and rights holders, the premise was to accept provincial jurisdiction. The proposed Act
has been firmly opposed by most Indigenous Peoples because unilateral provincial
legislation that undermines the proper title and rights holder is not the beginning of a
new relationship based on recognition and reconciliation but a repeat of past
colonization where the government holds all the power.
93. Reconciliation cannot be effected in secret but must be a respectful, collaborative
process and must be built on our inherent rights. The RWG prematurely agreed to
confidentiality commitments in the legislative drafting process without sufficient mandate
resulting in secrecy and unnecessary break in the linkage between Indigenous Peoples
and nations and the details of any potential negotiated legislation. However, the RWG
is a small group of FNLC executives and lawyers who operated largely behind closed
doors and through secret negotiations in order to have the legislation passed before the
provincial election in May 2009. Rather than working with Indigenous Peoples who
collectively hold Aboriginal Title to their territories, the RWG undermined the inherent
power and rights of Indigenous Peoples.
94. Given the outstanding question of land ownership in B.C., it was inconceivable that the
RWG proposed such legislation be passed before the election without any debate by
those likely to be effected by such legislation. Yet, such an effort was made, and while
business, industry, and government remained relatively silent, Indigenous Peoples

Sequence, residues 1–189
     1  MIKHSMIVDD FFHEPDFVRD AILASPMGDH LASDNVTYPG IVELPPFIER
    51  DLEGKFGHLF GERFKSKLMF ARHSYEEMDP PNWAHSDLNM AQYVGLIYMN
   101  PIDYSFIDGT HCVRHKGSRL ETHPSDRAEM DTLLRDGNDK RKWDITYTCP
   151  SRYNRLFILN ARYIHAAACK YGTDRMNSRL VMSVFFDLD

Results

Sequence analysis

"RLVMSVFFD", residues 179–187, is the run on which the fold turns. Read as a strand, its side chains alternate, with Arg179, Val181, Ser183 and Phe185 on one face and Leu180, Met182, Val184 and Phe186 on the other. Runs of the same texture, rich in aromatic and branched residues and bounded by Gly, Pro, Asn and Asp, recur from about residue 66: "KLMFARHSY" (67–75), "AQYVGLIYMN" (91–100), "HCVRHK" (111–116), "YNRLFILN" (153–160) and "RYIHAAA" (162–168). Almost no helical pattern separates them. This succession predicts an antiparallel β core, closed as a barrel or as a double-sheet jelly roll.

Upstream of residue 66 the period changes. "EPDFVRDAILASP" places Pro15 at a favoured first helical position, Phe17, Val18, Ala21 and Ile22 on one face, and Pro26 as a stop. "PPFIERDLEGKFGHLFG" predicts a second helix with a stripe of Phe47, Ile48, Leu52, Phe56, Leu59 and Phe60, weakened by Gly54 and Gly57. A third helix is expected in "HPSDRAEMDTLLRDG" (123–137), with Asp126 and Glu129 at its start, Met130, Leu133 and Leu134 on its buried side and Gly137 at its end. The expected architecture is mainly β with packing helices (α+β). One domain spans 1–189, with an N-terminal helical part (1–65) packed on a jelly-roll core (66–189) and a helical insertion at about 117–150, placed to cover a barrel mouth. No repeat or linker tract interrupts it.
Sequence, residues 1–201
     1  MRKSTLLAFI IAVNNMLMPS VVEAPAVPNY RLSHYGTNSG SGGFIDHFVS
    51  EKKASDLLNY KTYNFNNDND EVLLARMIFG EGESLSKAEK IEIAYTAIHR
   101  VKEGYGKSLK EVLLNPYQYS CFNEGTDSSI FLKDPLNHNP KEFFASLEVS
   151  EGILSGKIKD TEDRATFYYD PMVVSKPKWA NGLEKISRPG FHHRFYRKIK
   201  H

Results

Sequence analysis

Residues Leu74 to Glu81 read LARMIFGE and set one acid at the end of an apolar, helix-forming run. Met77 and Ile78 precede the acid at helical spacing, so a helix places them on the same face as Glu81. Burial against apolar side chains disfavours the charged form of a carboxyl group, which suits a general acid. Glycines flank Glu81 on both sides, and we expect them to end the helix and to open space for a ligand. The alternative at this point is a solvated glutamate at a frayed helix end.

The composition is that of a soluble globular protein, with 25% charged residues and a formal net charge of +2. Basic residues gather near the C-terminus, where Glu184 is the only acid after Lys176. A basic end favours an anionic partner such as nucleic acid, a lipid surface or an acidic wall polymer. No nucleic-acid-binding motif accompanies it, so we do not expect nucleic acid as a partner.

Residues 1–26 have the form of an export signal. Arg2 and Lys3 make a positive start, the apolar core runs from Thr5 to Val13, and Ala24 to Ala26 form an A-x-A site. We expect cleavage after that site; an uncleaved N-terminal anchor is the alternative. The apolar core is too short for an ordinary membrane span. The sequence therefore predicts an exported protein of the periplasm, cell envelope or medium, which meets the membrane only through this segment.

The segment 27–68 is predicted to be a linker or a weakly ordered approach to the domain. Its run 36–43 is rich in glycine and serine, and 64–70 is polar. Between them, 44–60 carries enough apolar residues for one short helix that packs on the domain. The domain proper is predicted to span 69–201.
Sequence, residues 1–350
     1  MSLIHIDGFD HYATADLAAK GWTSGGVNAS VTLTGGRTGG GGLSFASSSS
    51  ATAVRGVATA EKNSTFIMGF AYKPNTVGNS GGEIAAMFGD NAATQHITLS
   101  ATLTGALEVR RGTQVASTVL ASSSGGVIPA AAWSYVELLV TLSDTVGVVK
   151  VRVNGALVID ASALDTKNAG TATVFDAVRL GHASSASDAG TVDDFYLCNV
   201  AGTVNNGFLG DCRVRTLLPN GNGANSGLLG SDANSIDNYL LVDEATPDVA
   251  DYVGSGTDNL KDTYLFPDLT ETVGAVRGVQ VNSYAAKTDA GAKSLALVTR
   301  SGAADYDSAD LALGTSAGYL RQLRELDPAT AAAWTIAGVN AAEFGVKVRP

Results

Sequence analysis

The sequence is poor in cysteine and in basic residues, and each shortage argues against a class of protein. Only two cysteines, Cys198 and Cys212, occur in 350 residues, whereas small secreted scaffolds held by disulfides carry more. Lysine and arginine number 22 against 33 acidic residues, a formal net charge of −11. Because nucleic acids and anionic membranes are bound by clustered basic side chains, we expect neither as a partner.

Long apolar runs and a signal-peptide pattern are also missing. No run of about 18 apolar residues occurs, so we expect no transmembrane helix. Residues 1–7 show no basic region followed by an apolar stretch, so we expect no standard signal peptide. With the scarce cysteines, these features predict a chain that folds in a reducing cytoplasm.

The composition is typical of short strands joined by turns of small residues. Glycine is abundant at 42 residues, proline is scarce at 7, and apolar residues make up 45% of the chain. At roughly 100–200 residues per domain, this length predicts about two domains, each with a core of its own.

voiced overwhelming opposition to the proposed legislation in regional sessions.
95. Most Indigenous Peoples want the establishment of their own new relationship with the
Crown instead of a final one-size-fits-all legislated solution. The FNLC cannot negotiate
template agreements with respect to Aboriginal Title and Rights, but these responses
have been largely ignored or dismissed by the FNLC. Even though the FNLC was told
that their overall approach was flawed, they continue to claim a mandate.
96. The proposed Recognition and Reconciliation Act and its promised shared decisionmaking and revenue sharing through future regulation was not a good deal but just
another power grab by the Province supported by the FNLC. Unilateral provincial
legislation is not the beginning of a new relationship based on recognition and
reconciliation but a repeat of past colonization where the government holds all the
power and the Premier is the developer-in-Chief.

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97. The proposed Act did not substantively address the co-existence of Aboriginal and
Crown titles but instead proposed to set up processes under provincial jurisdiction that
would pave the way for corporate access to Indigenous territories and to unprecedented
and unsustainable development of lands and resources without the free prior informed
consent of the Indigenous Peoples. British Columbia has a vested interest in stalling
and delaying substantive recognition and true reconciliation. By maintaining the status
quo, the province can continue to issue permits to industry to develop lands and
resources owned by Indigenous Peoples that are key to our continued cultural and
economic survival without meaningfully addressing Aboriginal Title and rights. The
government of British Columbia must accept the inherent nature of Indigenous rights to
the land and resources; otherwise, legal reconciliation cannot occur.